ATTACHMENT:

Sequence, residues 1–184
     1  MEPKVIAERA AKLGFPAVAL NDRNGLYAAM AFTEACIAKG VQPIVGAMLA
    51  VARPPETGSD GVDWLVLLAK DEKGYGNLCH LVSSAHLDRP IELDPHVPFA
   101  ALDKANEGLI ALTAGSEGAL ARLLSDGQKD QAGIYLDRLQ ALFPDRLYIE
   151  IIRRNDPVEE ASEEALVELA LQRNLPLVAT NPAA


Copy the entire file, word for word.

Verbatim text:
Sequence, residues 1–184
     1  MEPKVIAERA AKLGFPAVAL NDRNGLYAAM AFTEACIAKG VQPIVGAMLA
    51  VARPPETGSD GVDWLVLLAK DEKGYGNLCH LVSSAHLDRP IELDPHVPFA
   101  ALDKANEGLI ALTAGSEGAL ARLLSDGQKD QAGIYLDRLQ ALFPDRLYIE
   151  IIRRNDPVEE ASEEALVELA LQRNLPLVAT NPAA